Connective tissue is everywhere in the body: your joints, skin, heart, digestive system, internal organs. When the tissues are too stretchy and fragile, it can cause problems. This is why hEDS can affect your blood vessels, cause pre-term labour and make having surgery more complicated. I’ve had joints pop out while I was washing my hands, standing in the shower, walking across the street, trying to eat a sandwich and rolling over in bed. I sometimes feel light-headed, and I had a hard time working in a traditional nine-to-five job, because getting accommodated in the workplace (before I was officially diagnosed) was challenging.

It makes pretty much every aspect of life harder, all because my body is a little too bendy and everything is a little too loose. I have struggled with depression caused by the pain of swelling and dislocations. While we all look for flexibility in a partner, in some cases it can actually be a detriment. “It’s kind of like dating Mrs. Potatohead,” I explain. “Miss, actually.”

I’ve had an online dating profile on and off for years, and I have found a few long-term relationships this way. But more active date nights can be risky for me, and when you live on the west coast, where everyone wants to go hiking and do outdoorsy things, it’s really hard. It might be something to explore with someone I trust, but I don’t want to literally fall apart on a first date. I can’t always walk far because of the dislocations, hiking uneven terrain is stressful, and I am at risk of falling on snow and ice.

When I share why I can’t say yes to these more adventurous invites, sometimes I’m asked what else I can’t do. I get awkward questions about whether my hEDS interferes with my sex life, because potential partners are worried about injuring me. I’m all for being honest, but it does hurt when someone looks at you as if being close or intimate might be a bad thing.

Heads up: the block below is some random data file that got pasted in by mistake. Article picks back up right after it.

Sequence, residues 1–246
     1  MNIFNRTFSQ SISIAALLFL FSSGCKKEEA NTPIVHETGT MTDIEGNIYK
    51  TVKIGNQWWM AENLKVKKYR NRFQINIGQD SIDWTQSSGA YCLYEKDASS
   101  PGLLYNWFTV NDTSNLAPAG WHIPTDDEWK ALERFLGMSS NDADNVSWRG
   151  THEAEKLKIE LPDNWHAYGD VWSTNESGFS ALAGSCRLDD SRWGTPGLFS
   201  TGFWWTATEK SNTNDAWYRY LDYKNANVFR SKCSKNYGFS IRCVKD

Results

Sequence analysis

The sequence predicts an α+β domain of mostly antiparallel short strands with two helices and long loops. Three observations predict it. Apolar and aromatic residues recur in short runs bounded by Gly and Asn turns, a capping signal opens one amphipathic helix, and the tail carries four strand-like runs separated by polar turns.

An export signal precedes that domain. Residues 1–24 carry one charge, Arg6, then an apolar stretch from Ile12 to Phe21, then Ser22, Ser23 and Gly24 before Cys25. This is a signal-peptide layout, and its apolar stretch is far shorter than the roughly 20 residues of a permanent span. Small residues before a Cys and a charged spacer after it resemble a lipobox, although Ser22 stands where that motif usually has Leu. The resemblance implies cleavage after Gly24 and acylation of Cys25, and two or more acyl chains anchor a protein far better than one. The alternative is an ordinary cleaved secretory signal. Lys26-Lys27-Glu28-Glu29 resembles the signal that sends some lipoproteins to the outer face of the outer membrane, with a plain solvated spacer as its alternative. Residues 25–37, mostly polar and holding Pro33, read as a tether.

As my disease has progressed over the years, the things I enjoyed most have been ripped away, and I have felt so alone because fitness was also how I connected with friends—not just with dates. The risk of injury meant no more Zumba, no more pole dance, no more hot yoga or spin class. It changed old relationships, and it impacts finding new ones, too.

Itching for connection

My chronic idiopathic urticaria can be a bit of a mystery for others to understand. The hives make me itchy, but my triggers are complex: I can’t just avoid a specific food. It’s exacerbated by stress, fatigue, being too hot or cold, having my skin scratched or wearing anything too tight. My lips swell, my cheeks flush and I feel like they’re burning from the inside. I also feel anxious because I can’t trust my body and its reactions. The most awkward part is how the hives are very noticeable on my chest—it is not the kind of attention I want to draw to my cleavage.

Hives might not seem like a big deal, but the condition means having allergic reactions almost daily, being exhausted from the side effects of antihistamines, waiting and waiting to see an allergist in the public system and feeling very alone struggling against a condition that only affects roughly 1 percent of the population. The daily struggle of it—while advocating to be believed, and to have my discomfort validated—is also maddening. It can randomly resolve on its own, or it can be very resistant to treatment and last for years. Many doctors don’t know much about the condition, and those who weren’t successful in treating it with previous patients tend not to be optimistic.